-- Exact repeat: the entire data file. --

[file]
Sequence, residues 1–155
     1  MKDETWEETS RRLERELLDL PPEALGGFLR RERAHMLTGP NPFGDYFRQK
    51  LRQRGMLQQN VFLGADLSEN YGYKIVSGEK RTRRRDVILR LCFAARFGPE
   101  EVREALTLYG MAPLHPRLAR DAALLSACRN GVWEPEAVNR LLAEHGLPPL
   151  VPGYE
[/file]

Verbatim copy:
Sequence, residues 1–155
     1  MKDETWEETS RRLERELLDL PPEALGGFLR RERAHMLTGP NPFGDYFRQK
    51  LRQRGMLQQN VFLGADLSEN YGYKIVSGEK RTRRRDVILR LCFAARFGPE
   101  EVREALTLYG MAPLHPRLAR DAALLSACRN GVWEPEAVNR LLAEHGLPPL
   151  VPGYE